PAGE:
Index/TOC Needed in HTML &/or Browser-Based Help? (take II)

Subject: Index/TOC Needed in HTML &/or Browser-Based Help? (take II)
From: Geoff Hart <ghart -at- videotron -dot- ca>
To: TECHWR-L <techwr-l -at- lists -dot- techwr-l -dot- com>, Char James-Tanny <charjtf -at- gmail -dot- com>
Date: Sat, 20 May 2006 08:49:50 -0400

Char James-Tanny provided more insider information: <<To answer your questions, there wasn't a "Contents" tab as we know it. Instead, there was a "taxonomy" topic that grouped topics by categories. This, to many folks, made more sense than a TOC anyway...TOCs are arbitrary ordering systems, designed by the author.>>

Taxonomies are also designed by the author, and thus have the potential to be equally arbitrary. To work well, both require audience-centered design: you can't impose an effective structure or even a taxonomy if you don't think of the information from the user's perspective. That insight into the user is what makes a TOC effective. Its absence is what undermines a TOC, and what will undermine taxonomies too.

I suppose that so long as nobody calls it a "taxonomy" in the interface that the user sees, the end result is the same. But isn't this somewhat like renaming a rose a "flurg", simply because "research has discovered" that people have gotten bored with the word "rose"? The essence is the same ("a rose by any other name..."), and changing the name makes no difference. Ask anyone where they'll look for a list of topics and the overwhelmingly dominant answer will be "table of contents".

That being the case, why muck with what works? Call it a table of contents, and provide tools that facilitate the grouping of information into appropriate categories ("taxonomies"). This is effectively what I proposed in an earlier message that described custom TOCs designed to meet specific purposes.

<<And there wasn't an index tab. However, one of the MAML elements was for keywords, and these keywords would be used to beef up the search. There were also features like "Best Bet Keyword", which would push a topic toward the top of a search list.>>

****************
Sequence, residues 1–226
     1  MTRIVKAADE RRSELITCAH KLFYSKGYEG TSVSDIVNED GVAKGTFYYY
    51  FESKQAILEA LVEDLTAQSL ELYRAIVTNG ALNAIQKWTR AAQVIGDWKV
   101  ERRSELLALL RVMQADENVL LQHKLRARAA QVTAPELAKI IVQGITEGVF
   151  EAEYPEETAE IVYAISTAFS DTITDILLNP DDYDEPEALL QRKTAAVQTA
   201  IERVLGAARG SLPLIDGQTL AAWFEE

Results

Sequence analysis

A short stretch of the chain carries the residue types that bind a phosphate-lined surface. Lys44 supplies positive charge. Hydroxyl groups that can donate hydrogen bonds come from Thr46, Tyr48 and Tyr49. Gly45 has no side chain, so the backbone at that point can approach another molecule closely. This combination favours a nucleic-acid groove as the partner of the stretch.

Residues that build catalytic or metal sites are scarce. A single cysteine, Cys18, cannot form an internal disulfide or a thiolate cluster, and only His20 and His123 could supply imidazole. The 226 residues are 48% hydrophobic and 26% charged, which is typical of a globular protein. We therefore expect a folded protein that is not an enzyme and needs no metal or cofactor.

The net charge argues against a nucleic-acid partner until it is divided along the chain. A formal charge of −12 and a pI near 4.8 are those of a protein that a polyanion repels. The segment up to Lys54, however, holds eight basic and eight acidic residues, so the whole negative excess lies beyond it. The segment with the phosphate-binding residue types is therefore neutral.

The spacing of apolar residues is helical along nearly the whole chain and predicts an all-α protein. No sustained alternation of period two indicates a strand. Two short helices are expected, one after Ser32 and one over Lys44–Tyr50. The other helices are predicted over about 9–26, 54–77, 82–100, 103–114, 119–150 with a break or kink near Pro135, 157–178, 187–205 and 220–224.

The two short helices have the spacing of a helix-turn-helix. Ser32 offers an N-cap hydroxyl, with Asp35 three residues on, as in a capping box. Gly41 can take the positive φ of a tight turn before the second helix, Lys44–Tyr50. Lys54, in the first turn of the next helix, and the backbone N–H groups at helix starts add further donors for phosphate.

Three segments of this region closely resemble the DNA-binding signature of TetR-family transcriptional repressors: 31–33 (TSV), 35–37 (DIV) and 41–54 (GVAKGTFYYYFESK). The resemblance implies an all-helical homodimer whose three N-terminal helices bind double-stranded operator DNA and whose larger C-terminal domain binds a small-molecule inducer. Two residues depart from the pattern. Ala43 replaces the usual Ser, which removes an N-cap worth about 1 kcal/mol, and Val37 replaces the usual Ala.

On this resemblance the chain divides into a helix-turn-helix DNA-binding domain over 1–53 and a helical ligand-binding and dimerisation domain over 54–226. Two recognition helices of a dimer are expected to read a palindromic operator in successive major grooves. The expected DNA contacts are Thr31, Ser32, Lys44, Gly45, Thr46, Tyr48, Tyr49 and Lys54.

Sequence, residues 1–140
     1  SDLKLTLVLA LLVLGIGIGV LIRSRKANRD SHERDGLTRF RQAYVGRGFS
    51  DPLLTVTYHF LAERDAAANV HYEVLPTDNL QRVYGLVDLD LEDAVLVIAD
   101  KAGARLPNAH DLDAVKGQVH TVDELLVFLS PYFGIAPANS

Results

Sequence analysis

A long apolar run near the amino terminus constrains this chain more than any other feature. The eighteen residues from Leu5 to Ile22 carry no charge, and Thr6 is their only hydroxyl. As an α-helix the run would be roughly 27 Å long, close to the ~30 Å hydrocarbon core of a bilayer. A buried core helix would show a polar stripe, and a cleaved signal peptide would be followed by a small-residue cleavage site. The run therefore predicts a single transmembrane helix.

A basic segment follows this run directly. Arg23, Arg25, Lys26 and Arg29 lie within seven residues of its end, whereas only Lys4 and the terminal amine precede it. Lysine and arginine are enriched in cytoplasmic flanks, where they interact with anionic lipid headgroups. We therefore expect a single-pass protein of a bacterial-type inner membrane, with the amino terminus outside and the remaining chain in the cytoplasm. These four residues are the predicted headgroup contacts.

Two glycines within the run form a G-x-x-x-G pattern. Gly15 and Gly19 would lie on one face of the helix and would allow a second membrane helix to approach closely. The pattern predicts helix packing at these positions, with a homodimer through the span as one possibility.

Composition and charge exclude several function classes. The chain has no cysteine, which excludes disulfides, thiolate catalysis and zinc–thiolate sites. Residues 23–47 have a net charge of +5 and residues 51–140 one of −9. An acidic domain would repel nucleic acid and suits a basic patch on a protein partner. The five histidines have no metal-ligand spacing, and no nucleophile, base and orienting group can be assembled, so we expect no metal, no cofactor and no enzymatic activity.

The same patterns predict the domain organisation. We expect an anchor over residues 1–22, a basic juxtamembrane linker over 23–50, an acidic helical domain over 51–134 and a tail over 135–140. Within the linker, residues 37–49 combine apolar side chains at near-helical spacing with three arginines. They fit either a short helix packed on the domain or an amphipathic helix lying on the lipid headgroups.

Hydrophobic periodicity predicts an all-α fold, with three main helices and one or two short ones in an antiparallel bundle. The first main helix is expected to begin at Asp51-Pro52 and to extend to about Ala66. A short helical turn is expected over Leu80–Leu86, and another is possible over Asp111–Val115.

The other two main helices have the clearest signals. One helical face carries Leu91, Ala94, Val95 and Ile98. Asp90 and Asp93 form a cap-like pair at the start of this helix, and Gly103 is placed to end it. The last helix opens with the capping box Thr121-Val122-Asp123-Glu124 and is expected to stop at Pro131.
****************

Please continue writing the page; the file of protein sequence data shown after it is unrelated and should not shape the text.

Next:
Really. Dumb. Decision. Indexes work well because they organize information conceptually and by context. A good index provides entries such as "Print: troubleshooting font problems" beside "Print: configuring a printer" so you can compare the two entries and guess which one is most likely to answer questions. The keywords themselves are merely the superficial evidence of the thought process that went into defining and presenting these alternatives.

Search engines cannot provide that context unless it's designed into the text being searched; the keywords must not only be present, but there must be meta-information that accompanies them to provide the context for the keyword. Currently, that is the single biggest flaw in all the search engines I've used. Defining better keywords won't by itself help improve searches: the same time required to choose and test keywords would be better spent creating an index.

If you know anyone involved in the design aspect of this part of the project, please pass that distinction along. It's not trivial, and it's very important to users.

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Geoff Hart ghart -at- videotron -dot- ca
(try geoffhart -at- mac -dot- com if you don't get a reply)
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Index/TOC Needed in HTML &/or Browser-Based Help?: From: Barbara Vega
Index/TOC Needed in HTML &/or Browser-Based Help?: From: Geoff Hart
Re: Index/TOC Needed in HTML &/or Browser-Based Help?: From: Char James-Tanny

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